Restoration of chicken coop preserves Grabau farm history
Monday, December 10, 2012 6:58 AM
The roof is falling, the roof is falling!
Marv Grabau recently completed the restoration of the chicken coop on his third generation farm. He and his wife, Shelly, have added ceramic birds inside and out to help tell the history of this building in Forestville Township.
And do Chicken Little and the Little Red Hen flee in terror, or do they prepare cautiously for the worst?
Ask Marv Grabau, it's a "coop"-erative effort.
"My chicken house has the original basswood boards on it - that's not an outside kind of wood - and the tin was put on the roof about 40 years ago, but it needed tuckpointing and all sorts of other work, so my son and son-in-law helped me fix it," Grabau explained.
"The project took me nine weeks, in moderation, because I did what my body could afford," said the rural Wykoff native, describing the restoration of the 1909 stone chicken house on his family's third-generation farmstead in Forestville Township.
"The chicken house was built from stone and lumber off the farm," Marv noted, pointing out that he still has his grandfather's 20-pound stone hammer that was used to split the limestone that forms the vintage coop.
This was one of numerous restoration projects the self-admitted curiosity collector has taken on to keep busy when it's not hunting season. His collections include barn cupolas, toy wagons, farm equipment and many other tools and farm-related items.
Though he and his wife, Shelly, do not farm the land surrounding their home, they do value the original homestead and its outbuildings and have done their best to maintain them in working order.
Discerning details from a photo dated 1910, Grabau did what it took to replicate the coop's un-weathered facade and bring a new shine to the poultry perch, complete with concrete critters to relate how his grandmother kept Toulouse geese and ducklings.
"Looking at this picture, it had the same tuckpointing that it had 102 years ago, and the window sashes are 102 years old. There are 12 built-in stone nesting boxes, and the walls are two feet thick," Grabau described. "My great-grandma got the farm in 1896, and this started out as my grandma's chicken house, then it was my ma's, but it was too cold for eggs - they'd freeze if she didn't come to check for eggs in the daytime - so later on, my ma moved the chickens to the basement of the barn, and my dad stored square bales here."
Grabau later made it into a wood shop in 1973, added concrete to the floor and heated the building. Then in 1989 or 1990, he made it his meat-cutting shop. "So this is actually the fourth purpose this building has had," he added.
In spite of having modern tools to do the repairs, finding period-accurate mortar to fill in the cracks proved to be a slight challenge for Grabau.
"It took a while to get the recipe for lime mortar because it was hard to find a recipe with the right ratios for the right mixture," he explained. "I finally got the recipe from Ernest Meyer, Jr., and mixed in some bluff sand, and after we tuckpointed, that led into painting, fixing the glass and window sashes, then we decided to do some weed control. The poultry was Shelly's idea."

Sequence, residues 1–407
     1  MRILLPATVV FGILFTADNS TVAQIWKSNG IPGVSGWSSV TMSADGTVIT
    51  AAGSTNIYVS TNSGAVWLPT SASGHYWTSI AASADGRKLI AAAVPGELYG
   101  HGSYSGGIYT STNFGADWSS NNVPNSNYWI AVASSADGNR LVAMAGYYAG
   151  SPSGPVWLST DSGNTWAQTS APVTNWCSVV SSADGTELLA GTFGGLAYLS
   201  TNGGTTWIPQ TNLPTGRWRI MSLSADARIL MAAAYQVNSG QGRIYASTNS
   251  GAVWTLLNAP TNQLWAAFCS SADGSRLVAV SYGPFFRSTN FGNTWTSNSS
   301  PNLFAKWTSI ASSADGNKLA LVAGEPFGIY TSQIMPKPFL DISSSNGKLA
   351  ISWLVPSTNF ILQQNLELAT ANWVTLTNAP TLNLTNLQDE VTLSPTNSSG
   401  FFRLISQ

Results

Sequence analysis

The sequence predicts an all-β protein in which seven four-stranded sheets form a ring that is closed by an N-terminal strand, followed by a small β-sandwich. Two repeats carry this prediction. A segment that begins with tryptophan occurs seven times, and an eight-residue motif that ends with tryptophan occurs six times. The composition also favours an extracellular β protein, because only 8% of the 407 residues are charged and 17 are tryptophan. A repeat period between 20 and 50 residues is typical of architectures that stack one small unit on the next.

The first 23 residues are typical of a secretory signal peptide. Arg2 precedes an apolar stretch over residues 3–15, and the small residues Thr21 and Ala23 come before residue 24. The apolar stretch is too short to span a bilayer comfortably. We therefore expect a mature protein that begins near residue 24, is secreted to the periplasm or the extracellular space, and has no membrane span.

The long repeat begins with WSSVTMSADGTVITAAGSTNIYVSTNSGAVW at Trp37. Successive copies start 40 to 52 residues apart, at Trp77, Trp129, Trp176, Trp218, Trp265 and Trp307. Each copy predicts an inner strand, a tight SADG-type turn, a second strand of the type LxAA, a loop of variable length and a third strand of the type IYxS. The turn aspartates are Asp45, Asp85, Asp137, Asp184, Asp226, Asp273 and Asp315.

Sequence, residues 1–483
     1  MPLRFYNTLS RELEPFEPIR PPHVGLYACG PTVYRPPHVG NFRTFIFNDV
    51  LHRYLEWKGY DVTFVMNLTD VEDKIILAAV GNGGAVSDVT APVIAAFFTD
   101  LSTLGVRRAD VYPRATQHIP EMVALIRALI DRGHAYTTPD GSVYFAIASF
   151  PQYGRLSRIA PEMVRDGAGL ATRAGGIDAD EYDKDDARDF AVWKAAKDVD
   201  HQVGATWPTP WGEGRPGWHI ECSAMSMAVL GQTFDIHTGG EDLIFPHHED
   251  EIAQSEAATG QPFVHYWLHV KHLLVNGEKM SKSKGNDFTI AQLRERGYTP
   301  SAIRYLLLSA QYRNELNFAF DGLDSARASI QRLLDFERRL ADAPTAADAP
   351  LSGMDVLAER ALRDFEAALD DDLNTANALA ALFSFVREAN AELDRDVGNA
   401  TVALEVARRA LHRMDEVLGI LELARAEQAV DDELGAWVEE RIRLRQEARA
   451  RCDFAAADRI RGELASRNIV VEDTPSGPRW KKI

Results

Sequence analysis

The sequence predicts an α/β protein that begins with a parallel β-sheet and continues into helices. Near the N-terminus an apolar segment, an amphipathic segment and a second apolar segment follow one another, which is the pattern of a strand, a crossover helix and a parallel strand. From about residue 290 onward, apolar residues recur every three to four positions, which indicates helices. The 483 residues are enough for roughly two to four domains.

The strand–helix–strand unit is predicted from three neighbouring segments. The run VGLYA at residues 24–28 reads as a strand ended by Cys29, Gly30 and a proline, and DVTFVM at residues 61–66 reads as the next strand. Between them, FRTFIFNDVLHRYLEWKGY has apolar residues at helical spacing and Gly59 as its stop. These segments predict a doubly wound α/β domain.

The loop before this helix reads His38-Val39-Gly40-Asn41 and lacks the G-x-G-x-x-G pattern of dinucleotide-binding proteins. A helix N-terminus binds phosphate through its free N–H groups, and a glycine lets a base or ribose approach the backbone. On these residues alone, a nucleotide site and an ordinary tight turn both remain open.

Grabau continued, "Shelly decided that it needed some ducks and geese, so we put in four cement geese that are 80 pounds each, four adult ducks and nine ducklings, a rooster, two hens and 14 chicks and we put 1950s Gothic archway wire fencing around it. Since our twin grandsons are 4 years old, we had to glue the chicks and ducklings down to keep them from flying away."
While the restoration of a chicken coop might seem rather insignificant, in these days of fading farm history, it means the difference between the Grabaus' grandchildren knowing where the eggs were laid and gathered and not having a place to visit to gain a better understanding of how farm poultry was kept.
Furthermore, since Grabau is a collector of so many different items - including over 60 barn cupolas, more than 100 toy wagons of varied origin and 32 children's sleds, a Jayhawk overshot hay stacker once featured in Farm Collector Magazine, sledges, plows and parts for all of the above - he's garnered himself a following.
"I've had visitors here from six continents of the seven, people from 12 countries or territories, two provinces and 32 states. That's all not advertised, it's not on the road or the Internet. People just hear about my farm and stuff and come out here to visit," Grabau said. "One guy came all the way from Madison, Wis., just to see my Jayhawk hay stacker. That's a six-hour drive each way, which is the record for someone wanting to drive just to see one thing out here."
Next up, Grabau has his eye on the contents of his "healing bin," the rusty pile of parts housed inside the corncrib in the farmyard, which has been yearning for resolution.
Perhaps Grabau will begin with a wayward wagon wheel awaiting three others, a frame and a box. It is just a matter of finding one more wheel, making a swap for the other two, building the frame and box, trading for the brand decals. It's no problem. It should take just a few days.